# Why do the Fibonacci numbers appear as the number of rabbits in the field each month?

If we let f(n) mean "the number of pairs of rabbits in the field at the start of the n-th month", we will show that f(1)=1, f(2)=1 and f(n)=f(n-1)+f(n-2) which is exactly the definition of the Fibonacci numbers (which also have f(0)=0).

First, we start month 1 with one newly born pair, so

f(1)=1

There is also 1 pair only during month 2 since they are not mature enough to have "babies" yet, so

f(2)=1

Since we assume they mate at age 2 months then a new pair is born at the start of month 3. So, after the second month, how many rabbits will there be? i.e. What is f(n)?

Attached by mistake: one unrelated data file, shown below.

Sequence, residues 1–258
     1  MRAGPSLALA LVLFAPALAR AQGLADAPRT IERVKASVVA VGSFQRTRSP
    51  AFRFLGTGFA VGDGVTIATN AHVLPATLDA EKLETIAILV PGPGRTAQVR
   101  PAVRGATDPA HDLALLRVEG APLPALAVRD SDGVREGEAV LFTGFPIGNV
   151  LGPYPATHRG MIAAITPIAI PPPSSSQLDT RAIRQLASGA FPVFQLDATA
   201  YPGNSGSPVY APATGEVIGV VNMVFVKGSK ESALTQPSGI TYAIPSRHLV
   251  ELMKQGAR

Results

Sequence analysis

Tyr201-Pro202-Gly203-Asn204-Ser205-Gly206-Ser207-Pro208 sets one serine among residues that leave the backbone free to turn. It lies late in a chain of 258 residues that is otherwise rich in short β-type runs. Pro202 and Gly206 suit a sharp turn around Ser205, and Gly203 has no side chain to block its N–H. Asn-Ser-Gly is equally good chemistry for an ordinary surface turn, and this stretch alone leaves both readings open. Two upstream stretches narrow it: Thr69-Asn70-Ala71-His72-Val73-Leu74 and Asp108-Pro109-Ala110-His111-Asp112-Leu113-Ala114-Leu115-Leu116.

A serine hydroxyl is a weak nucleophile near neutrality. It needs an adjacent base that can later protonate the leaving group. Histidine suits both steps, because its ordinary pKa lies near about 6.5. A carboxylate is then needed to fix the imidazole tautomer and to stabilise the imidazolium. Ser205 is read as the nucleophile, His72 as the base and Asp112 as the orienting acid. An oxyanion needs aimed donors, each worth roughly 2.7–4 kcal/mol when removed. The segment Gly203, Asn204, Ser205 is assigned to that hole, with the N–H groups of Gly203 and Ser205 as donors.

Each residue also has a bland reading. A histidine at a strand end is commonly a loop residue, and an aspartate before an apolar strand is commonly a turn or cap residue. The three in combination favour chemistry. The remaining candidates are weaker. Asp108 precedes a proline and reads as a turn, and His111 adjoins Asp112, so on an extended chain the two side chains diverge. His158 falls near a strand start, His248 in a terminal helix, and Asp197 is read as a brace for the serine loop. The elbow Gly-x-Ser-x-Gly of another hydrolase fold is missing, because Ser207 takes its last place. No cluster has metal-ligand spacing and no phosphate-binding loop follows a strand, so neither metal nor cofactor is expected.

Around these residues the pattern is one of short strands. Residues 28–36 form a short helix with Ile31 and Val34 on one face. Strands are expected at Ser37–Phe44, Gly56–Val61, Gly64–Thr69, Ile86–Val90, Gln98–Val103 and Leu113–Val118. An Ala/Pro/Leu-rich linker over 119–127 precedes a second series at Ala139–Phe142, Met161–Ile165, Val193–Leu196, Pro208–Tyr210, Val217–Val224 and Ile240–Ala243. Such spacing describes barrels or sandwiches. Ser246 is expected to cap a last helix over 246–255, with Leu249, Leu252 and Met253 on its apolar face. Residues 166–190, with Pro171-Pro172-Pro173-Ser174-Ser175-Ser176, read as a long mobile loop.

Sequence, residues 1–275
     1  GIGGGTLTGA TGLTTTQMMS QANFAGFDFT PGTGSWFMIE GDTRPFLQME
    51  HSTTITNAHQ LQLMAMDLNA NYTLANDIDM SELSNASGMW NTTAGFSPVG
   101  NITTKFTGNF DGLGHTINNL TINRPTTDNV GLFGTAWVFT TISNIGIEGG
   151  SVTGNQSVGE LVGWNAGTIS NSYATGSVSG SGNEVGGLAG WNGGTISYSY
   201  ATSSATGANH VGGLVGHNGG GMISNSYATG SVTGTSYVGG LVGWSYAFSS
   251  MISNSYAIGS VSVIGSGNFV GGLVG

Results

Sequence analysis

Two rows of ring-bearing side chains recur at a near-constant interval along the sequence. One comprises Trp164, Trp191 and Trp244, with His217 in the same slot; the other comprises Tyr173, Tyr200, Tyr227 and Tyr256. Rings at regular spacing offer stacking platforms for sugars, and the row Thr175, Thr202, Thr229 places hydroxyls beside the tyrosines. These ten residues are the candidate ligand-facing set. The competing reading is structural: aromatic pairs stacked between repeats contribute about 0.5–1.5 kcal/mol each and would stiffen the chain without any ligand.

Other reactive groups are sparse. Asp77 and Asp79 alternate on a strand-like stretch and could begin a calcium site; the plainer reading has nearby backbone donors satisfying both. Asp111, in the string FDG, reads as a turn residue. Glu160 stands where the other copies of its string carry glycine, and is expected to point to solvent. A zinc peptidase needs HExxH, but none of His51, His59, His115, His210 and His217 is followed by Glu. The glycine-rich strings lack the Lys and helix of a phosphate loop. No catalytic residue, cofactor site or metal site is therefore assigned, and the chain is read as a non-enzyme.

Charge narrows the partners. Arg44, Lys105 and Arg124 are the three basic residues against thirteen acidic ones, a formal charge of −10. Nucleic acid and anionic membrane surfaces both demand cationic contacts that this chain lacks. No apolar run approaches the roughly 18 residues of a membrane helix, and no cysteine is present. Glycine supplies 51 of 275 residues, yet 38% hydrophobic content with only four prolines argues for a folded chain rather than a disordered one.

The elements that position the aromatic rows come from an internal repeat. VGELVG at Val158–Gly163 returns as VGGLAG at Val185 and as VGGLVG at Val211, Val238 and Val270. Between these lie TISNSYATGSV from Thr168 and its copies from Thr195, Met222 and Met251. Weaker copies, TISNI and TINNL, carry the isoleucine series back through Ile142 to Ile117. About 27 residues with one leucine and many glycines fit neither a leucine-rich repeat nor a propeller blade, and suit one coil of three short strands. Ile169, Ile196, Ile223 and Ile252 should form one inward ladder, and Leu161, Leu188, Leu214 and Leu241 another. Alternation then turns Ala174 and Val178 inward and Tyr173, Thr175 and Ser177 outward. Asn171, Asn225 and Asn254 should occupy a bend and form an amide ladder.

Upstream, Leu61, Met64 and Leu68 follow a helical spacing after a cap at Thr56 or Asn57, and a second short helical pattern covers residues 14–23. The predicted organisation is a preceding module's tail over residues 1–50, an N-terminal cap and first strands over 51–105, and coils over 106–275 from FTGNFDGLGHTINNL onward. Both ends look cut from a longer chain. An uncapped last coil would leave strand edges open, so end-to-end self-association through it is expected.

All the rabbits from the previous month (there will be f(n-1) of them) survive, so there are at least f(n-1) of them. How many new ones are born? Any rabbit (pair) that was alive 2 months ago is now able to produce a new pair, and we are assuming they always will and each produces only 1 new pair per month. Thus the number of newly born pairs is the same as the number of pairs 2 alive 2 months ago: f(n-2). Since all the rabbit were alive last month OR are newly born this month, we have:

f(n)=f(n-1)+f(n-2) if n>2
which is just the definition of the Fibonacci numbers (starting with 0 and 1).   © 1996-2006 Dr Ron Knott updatedupdated 1 October 1999